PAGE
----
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1.7k · Jun 2019
Icarus’ Sister
Jonathan Moya Jun 2019
Icarus’ sister exists only in living stone,
the watchful daughter of the craftsman
in the middle of his own labyrinth,
once his prized creation, placed in
the prime line of his drafts, design, eye
of his genius, now a relic existing
in a dusty nowhere cobweb corner
stained with Minotaur blood,
watching her fleshy father
falteringly stitch wax, feathers, twigs
to a frame that could not
take the water and sun of every day birds,
not even the weight of a son’s pride
who complacently raveled and unraveled
his father’s clew, half hearing  cautions,  
his mind flapping beyond the planets.

She cried over how Daedalus could
dote over such mortal error
while she exists in perfect neglect,
cried a tear turned prayer that
mixed with the dust, the murderous
blood crusting the rusty teeth of Perdix’s saw,
knowing hence  that men **** their best dreams,
fear the successful  flight of  their ideas, and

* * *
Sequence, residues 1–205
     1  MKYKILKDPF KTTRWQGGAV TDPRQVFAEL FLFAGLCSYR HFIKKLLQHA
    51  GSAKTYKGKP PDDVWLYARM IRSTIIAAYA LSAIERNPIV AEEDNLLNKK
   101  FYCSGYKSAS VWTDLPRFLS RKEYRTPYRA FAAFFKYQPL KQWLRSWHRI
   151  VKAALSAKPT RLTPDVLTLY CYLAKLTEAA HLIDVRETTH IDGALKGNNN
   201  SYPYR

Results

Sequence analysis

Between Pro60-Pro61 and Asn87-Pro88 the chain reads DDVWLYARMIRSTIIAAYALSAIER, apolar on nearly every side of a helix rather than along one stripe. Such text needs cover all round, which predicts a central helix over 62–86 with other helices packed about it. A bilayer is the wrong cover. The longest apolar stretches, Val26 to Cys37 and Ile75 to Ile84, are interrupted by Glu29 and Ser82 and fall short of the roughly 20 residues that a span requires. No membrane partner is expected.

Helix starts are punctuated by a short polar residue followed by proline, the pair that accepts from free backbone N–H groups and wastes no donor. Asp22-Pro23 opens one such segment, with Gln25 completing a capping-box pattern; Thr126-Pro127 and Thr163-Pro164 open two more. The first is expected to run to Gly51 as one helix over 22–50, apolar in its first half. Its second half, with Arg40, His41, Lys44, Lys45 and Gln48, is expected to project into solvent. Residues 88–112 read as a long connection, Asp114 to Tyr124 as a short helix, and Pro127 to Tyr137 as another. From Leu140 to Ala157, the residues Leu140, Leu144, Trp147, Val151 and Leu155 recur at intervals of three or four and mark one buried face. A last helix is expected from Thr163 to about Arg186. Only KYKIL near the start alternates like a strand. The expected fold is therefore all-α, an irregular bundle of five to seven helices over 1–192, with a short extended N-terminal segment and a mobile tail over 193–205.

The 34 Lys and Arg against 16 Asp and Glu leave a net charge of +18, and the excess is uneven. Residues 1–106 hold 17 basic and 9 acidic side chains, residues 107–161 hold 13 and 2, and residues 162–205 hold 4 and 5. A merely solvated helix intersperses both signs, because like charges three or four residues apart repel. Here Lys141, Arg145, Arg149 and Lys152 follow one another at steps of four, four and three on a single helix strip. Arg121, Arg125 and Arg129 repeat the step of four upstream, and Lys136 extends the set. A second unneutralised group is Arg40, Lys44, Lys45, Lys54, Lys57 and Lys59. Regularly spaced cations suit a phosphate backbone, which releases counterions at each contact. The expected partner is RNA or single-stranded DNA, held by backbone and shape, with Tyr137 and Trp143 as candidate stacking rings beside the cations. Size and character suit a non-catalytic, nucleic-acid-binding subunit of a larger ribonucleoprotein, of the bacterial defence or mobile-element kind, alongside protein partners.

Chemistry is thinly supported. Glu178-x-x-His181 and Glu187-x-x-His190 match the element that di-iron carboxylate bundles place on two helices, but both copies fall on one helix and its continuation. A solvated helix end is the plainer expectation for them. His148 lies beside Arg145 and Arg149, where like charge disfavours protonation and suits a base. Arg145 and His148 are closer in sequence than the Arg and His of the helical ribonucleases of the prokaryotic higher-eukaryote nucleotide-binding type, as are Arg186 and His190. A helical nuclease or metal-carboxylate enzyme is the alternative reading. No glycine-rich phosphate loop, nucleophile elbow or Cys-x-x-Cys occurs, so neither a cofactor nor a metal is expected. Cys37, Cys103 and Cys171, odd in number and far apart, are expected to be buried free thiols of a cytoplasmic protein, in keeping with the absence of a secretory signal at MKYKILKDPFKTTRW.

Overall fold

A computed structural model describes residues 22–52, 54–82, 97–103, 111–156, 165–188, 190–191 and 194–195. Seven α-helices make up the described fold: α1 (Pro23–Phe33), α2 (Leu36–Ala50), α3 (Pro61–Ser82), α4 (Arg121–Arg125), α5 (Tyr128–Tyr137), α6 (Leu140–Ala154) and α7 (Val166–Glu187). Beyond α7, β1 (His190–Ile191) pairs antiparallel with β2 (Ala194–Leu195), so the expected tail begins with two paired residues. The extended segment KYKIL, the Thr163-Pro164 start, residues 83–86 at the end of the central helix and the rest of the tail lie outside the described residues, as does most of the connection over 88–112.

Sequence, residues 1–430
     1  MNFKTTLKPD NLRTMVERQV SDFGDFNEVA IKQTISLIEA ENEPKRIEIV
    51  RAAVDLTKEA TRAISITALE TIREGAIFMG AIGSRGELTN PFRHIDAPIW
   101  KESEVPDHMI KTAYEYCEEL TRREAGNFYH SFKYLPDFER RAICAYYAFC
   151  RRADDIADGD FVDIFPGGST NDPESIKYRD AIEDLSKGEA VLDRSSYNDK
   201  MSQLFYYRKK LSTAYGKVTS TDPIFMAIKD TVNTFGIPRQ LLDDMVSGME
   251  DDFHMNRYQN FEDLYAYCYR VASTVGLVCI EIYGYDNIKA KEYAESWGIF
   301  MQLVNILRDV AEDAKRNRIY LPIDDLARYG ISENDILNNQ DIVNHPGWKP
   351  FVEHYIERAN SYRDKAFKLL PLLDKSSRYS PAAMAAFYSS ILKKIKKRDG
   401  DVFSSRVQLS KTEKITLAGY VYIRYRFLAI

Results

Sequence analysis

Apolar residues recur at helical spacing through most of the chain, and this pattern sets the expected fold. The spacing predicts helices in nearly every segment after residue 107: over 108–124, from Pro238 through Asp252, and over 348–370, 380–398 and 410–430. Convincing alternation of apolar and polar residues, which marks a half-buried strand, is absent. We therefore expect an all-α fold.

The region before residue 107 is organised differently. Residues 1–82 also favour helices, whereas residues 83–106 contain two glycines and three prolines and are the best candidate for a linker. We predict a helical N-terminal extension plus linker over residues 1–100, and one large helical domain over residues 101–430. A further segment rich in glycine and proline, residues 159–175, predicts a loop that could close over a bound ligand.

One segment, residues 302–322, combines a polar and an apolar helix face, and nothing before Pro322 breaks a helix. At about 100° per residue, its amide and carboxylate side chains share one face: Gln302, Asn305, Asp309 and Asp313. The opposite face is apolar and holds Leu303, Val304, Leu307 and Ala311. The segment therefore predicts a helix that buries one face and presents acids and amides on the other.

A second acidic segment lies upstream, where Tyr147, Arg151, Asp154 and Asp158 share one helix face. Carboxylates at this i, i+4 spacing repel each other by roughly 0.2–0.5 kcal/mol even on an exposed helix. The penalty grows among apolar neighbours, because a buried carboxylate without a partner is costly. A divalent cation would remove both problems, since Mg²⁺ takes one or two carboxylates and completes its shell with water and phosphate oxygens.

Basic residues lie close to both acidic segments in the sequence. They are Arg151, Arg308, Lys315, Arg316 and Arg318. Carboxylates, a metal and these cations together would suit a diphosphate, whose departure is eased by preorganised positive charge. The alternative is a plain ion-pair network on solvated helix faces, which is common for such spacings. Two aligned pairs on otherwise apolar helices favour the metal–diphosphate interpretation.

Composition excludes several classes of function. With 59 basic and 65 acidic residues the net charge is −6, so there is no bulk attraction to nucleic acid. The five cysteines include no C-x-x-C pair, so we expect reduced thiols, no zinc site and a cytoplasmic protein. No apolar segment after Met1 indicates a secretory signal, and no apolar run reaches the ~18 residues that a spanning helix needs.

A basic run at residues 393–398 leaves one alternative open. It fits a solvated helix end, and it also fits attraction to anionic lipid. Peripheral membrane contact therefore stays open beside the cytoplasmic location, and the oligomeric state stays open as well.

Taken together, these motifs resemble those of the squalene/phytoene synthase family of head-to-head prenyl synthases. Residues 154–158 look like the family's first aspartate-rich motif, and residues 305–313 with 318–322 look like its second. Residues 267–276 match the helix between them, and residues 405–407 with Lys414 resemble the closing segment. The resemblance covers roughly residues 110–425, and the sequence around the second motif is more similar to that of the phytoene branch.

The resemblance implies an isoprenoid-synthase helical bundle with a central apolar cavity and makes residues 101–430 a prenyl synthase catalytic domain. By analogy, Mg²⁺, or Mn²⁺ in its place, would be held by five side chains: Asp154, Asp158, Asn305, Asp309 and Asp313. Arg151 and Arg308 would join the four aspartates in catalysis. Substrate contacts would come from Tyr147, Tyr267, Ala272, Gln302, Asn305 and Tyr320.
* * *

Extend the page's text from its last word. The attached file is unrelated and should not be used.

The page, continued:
that her faith, trust now forever lived with the gods.

Hephaestus heard her and bellowed her mind,
taught her to seek inspiration in the rejected
metal slivers that littered the workshop
like the sand of Naxos where Theseus
left Ariadne in her abandoned dreams.

In the cry of that other lost daughter
she heard the sound of ascent,
saw father and son in erratic flight
and followed to the top of the labyrinth
to watch two glints align in descent
and one splash into the sea.

Graced with the knowledge
that forbearers would
name the waters below for this fool,
she deposited Icarus in their father’s arms,
and flew away on brass wings of her own design,
wingtips skipping waves, seeking the sun.
1.7k · Oct 2019
Jonathan Moya Oct 2019
“Are you okay?”,
my wife asks
when I cough.

“No. I’m fine.
Yes. I’m not”,
I respond,

stumping her
in the poetic irony
of words that

encompass the
yes and no
and the in between.

She flips the finger
at me and I return
the bird to the nest.

We go back to our life
and our tablets,
the drip, drip of my chemo
and I wonder about okay.

“No.  You’re fine.
Yes. You’re not.”,
the bag stares in response.
Jonathan Moya Mar 30
In the hospital room
the doc watches Death come,
last breath a quiet sigh
surrounding the crash of stats.
He has visited Death’s country  
and left with its blue bruise stamp
on his wrist and heart,  
very thoughts.
No goodbyes.  No regrets. None.
Just schemes to betray it
when it tries to betray him
wrapped in a hospital sheet.
He save what Death stole.
He pull life out by the heels.
He rebirth it again,
give it years.